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Dayton Launches Business Support Program; City Councilwoman Resigns

The City of Dayton is launching a new business support program boosted by federal funds awarded through the federal Coronavirus Aid, Relief and Economic Security (CARES) Act.

The new program launches amid a shake-up at the city building.

City councilwoman Tammy Cornett announced Tuesday, hours before the city council meeting, that she had resigned, effective immediately. She did not provide specific reasons in a Facebook post announcing her decision.

Cornett's decision follows the departure of City Administrator Michael Giffen who accepted the same role at the City of Highland Heights, and City Attorney Tom Edge who departed for a legal job with the Northern Kentucky Water District.

Jay Fossett, the former Covington city manager and current partner at public and government relations firm Strategic Advisers, is serving as interim city administrator while Alex Edmondson, a former Covington city commissioner and current attorney at the Campbell County Attorney's Office, is serving as interim city attorney.

Mayor Ben Baker said that the city is working with the Northern Kentucky Area Development District (NKADD) in finding its next city administrator.

"We have received numerous - I don't want to put a number out there - resumes from many qualified candidates to fill that role," Baker said. "In the coming weeks we'll be meeting with those candidates to have job interviews, background checks, and work with NKADD to find the right candidate to lead the ship for the City of Dayton.

"We have some great candidates looking for this role. It's very exciting."

Baker will serve on the search committee with council members Jeff Volter, Scott Beseler, and Beth Nyman, as well as Fossett.

Cornett will be replaced by a candidate who is voted on by the council within thirty days of the acceptance of her resignation, or the task falls to Governor Andy Beshear.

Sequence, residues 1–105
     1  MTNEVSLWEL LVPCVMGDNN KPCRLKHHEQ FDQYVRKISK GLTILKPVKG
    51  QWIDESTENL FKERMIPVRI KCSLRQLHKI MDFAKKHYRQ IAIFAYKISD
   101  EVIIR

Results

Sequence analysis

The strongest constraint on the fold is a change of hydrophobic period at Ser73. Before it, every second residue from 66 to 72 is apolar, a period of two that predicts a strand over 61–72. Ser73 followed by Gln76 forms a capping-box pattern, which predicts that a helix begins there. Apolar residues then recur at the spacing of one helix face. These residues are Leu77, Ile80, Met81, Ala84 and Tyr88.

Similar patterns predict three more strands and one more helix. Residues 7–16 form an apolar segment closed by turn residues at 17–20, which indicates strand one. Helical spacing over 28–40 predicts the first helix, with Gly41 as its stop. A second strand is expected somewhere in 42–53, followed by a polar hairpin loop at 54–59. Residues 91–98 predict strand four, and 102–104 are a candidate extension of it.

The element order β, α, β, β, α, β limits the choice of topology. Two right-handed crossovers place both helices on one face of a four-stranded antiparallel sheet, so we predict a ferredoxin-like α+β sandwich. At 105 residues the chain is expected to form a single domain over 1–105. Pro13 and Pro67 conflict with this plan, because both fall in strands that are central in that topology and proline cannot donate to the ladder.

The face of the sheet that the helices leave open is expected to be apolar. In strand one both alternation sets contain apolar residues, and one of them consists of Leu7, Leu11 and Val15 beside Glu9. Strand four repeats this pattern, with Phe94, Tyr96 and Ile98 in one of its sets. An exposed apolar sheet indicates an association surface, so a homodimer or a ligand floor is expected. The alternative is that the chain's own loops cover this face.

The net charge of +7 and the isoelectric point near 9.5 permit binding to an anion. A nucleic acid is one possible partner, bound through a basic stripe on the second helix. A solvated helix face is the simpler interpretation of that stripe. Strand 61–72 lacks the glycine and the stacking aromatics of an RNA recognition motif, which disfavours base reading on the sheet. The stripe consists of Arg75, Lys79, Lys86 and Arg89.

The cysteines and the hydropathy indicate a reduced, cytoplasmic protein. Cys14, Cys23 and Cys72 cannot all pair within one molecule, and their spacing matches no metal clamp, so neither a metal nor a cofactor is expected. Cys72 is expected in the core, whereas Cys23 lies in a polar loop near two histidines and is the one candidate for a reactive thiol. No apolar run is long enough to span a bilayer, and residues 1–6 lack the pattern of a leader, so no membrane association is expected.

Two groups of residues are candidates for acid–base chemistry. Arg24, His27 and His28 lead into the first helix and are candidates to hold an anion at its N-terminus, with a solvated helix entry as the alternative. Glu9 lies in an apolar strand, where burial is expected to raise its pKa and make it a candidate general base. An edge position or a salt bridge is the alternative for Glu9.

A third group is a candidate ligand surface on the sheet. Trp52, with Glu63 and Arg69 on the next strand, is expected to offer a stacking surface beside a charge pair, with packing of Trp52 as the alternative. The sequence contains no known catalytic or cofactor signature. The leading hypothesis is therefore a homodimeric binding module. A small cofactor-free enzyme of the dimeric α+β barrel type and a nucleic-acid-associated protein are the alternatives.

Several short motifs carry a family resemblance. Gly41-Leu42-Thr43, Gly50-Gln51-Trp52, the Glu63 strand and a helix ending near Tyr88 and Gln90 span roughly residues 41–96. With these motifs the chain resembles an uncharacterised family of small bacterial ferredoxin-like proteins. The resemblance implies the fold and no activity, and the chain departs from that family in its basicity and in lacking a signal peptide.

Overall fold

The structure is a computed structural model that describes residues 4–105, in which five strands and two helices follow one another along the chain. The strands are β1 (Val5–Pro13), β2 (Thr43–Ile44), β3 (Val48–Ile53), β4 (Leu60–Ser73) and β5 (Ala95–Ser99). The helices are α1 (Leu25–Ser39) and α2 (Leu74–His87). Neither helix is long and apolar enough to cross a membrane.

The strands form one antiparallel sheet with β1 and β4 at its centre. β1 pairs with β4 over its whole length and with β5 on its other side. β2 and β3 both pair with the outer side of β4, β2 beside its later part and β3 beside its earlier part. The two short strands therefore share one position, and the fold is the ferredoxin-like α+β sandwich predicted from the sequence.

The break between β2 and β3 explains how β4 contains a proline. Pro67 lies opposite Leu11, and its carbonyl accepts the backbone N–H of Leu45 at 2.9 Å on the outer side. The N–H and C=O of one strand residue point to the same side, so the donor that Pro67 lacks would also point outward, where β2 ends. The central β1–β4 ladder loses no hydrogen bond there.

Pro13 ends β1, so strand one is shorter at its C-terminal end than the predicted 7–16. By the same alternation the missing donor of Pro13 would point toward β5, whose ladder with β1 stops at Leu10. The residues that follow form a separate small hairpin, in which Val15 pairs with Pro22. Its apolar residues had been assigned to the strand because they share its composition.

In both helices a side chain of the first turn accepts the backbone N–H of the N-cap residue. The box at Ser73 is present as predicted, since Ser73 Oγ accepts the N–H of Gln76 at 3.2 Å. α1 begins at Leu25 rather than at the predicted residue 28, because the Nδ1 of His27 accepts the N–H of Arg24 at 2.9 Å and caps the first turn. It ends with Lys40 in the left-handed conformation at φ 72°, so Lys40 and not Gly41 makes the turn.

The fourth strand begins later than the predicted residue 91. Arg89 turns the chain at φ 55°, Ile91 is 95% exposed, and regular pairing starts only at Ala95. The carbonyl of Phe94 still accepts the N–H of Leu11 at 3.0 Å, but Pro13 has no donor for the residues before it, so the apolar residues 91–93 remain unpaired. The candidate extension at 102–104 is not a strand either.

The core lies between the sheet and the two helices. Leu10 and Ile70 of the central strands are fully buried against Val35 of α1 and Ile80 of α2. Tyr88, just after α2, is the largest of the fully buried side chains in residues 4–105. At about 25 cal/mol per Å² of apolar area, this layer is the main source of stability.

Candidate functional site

Meanwhile, the city's economic development director, Robert Yoder, explained the forthcoming support program for the city's businesses.

The city received $126,000 in funding to support the program, $40,000 of which will be designated for $1,000 grants for businesses. Qualifying business simply need to fill out the required application and provide the necessary information in order to receive a share of that pot. 

Yoder said that originally the plan was to have two levels of grant funding available in amounts of $2,500 and $500 before settling on $1,000 across the board.

"That simplified things a lot," he said. 

Nonprofits based in Dayton can also apply, Yoder said. The only ineligible businesses are those that are publicly traded or those whose valid occupational license was obtained after July 1, 2020.

That program begins February 8 with a deadline of March 1.

An additional $15,000 is being used to support a Dayton Dining Dollars program. Each household in the city will receive a $5 voucher to be used at participating Dayton restaurants.

The postcard received simply needs to be brought to a participating establishment to be redeemed.

Yoder said that he expects about 20% participation.

"If we get above 20% participation, that's great for our businesses. That means they earn more money, they get more customers going in," he said. Yoder said that he expects most of the activity in the first month following residents' receipt of the vouchers.

The postcards should be sent out soon.

-Michael Monks, editor & publisher

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